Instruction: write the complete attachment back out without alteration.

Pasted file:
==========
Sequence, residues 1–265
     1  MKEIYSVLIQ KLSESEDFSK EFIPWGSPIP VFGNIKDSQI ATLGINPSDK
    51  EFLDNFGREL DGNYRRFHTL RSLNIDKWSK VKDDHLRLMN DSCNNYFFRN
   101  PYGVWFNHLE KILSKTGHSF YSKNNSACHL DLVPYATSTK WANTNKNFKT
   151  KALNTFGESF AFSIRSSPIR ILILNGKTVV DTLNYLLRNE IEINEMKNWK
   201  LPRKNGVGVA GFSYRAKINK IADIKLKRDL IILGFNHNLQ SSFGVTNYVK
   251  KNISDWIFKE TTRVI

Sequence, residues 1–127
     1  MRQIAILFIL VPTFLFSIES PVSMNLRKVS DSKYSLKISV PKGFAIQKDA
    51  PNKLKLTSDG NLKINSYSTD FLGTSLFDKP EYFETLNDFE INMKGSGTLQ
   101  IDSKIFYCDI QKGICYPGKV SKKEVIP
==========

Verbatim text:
Sequence, residues 1–265
     1  MKEIYSVLIQ KLSESEDFSK EFIPWGSPIP VFGNIKDSQI ATLGINPSDK
    51  EFLDNFGREL DGNYRRFHTL RSLNIDKWSK VKDDHLRLMN DSCNNYFFRN
   101  PYGVWFNHLE KILSKTGHSF YSKNNSACHL DLVPYATSTK WANTNKNFKT
   151  KALNTFGESF AFSIRSSPIR ILILNGKTVV DTLNYLLRNE IEINEMKNWK
   201  LPRKNGVGVA GFSYRAKINK IADIKLKRDL IILGFNHNLQ SSFGVTNYVK
   251  KNISDWIFKE TTRVI

Sequence, residues 1–127
     1  MRQIAILFIL VPTFLFSIES PVSMNLRKVS DSKYSLKISV PKGFAIQKDA
    51  PNKLKLTSDG NLKINSYSTD FLGTSLFDKP EYFETLNDFE INMKGSGTLQ
   101  IDSKIFYCDI QKGICYPGKV SKKEVIP